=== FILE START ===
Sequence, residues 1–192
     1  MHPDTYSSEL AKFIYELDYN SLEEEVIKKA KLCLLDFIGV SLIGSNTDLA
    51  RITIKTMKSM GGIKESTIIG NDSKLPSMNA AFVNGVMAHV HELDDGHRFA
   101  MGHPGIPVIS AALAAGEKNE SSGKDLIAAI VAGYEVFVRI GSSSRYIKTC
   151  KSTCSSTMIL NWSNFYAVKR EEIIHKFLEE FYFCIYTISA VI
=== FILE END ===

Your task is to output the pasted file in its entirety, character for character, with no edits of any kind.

Sequence, residues 1–192
     1  MHPDTYSSEL AKFIYELDYN SLEEEVIKKA KLCLLDFIGV SLIGSNTDLA
    51  RITIKTMKSM GGIKESTIIG NDSKLPSMNA AFVNGVMAHV HELDDGHRFA
   101  MGHPGIPVIS AALAAGEKNE SSGKDLIAAI VAGYEVFVRI GSSSRYIKTC
   151  KSTCSSTMIL NWSNFYAVKR EEIIHKFLEE FYFCIYTISA VI